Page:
The killing and looting for González Iñarritu is not exclusive to the Spanish Crown, the loss in 1848 of more than 55% of the Mexican territory after the war with the USA, emerges as an indelible scar and that the director spares no symbolism to express his discomfort of his nation with its neighbors to the north. In more than one way, it seems that the search for success in the USA was an unconscious form of re-conquest by Silverio, an idea that is presented at the beginning of the film and that is later repeated in how the protagonist documents the exodus of immigrants through the border (as if he were the protagonist in the skin of others). “Manifest destiny with huacamole” that sees in the American way of life the American dream transfigured into a nightmare, since identity is lost and only a shadow remains of the essence, without roots, like the one that floats and dazzles us at the beginning of the film.

Despite the twilight tone of the trip that Silverio undertakes, several moments of frank humor stand out. One of them occurs when the protagonist and his family return to the USA and a federal agent with Latin features prevents them from entering and argues that the United States is not his country. Among the many epithets, the rant about Silverio’s daughter stands out (with a very “fresa” look as they would say in Mexico to the privileged), she tells the agent that he has more of a Mexican look than her. Such comedy that addresses racism within the third world countries themselves, just as it happens to Silverio who still gets annoyed when he is referred to as “El Negro”, a nickname due to his skin color, and has accompanied him since childhood and, at the same time being in Mexico, reminds him of that identity that neither with success nor inhabiting another country can he banish.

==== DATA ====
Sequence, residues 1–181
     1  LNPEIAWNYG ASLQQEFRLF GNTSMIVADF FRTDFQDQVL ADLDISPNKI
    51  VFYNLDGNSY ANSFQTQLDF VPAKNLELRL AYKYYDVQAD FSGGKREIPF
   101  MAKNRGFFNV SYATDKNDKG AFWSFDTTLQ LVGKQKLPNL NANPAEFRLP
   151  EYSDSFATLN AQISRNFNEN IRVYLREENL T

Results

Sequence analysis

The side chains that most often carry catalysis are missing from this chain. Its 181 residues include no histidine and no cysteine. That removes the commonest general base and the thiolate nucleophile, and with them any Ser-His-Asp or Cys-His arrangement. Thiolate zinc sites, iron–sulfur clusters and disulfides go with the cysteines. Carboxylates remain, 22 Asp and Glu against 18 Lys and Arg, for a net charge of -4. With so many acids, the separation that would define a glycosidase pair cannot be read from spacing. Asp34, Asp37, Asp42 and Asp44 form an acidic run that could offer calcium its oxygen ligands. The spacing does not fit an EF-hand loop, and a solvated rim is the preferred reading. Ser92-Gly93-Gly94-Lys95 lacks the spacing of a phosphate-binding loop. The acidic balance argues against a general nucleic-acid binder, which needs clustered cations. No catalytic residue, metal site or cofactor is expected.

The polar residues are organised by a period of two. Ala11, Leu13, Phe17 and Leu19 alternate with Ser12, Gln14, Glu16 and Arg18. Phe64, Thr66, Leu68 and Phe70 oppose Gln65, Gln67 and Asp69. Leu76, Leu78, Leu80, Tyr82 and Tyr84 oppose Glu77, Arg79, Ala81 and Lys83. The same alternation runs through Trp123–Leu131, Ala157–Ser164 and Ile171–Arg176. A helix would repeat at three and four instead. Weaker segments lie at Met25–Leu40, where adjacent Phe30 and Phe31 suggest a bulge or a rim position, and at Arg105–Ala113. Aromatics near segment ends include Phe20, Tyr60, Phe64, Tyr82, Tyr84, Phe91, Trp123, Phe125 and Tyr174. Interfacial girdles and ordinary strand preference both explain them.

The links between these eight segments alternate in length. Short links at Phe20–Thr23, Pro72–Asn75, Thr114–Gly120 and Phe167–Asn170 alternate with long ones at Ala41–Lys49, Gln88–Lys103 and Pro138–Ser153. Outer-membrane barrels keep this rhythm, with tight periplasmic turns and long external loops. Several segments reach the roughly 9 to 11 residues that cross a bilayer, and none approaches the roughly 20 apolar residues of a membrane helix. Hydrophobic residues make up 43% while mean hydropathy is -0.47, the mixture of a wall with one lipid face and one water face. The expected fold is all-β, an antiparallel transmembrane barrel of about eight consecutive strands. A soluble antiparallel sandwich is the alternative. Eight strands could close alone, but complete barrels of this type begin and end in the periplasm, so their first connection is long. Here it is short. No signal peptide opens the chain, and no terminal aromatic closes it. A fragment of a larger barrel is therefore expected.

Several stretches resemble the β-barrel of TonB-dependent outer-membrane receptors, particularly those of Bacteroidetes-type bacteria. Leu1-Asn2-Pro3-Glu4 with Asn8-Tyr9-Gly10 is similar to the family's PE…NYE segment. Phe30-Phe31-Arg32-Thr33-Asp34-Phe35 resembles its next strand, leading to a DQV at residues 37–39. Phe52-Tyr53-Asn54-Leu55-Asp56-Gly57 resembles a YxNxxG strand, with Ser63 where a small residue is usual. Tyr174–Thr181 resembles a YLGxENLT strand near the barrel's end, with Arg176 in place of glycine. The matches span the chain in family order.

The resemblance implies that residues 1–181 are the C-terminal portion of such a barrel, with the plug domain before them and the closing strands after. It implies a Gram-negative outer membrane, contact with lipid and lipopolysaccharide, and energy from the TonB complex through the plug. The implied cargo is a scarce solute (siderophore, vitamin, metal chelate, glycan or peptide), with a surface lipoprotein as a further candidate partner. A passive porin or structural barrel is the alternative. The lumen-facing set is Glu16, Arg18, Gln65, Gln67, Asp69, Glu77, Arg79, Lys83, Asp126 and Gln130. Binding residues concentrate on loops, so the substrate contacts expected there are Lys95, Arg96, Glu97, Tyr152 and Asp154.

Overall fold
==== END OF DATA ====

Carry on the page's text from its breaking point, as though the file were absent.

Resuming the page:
Leopoldo Muñoz
Edited by Steven Yates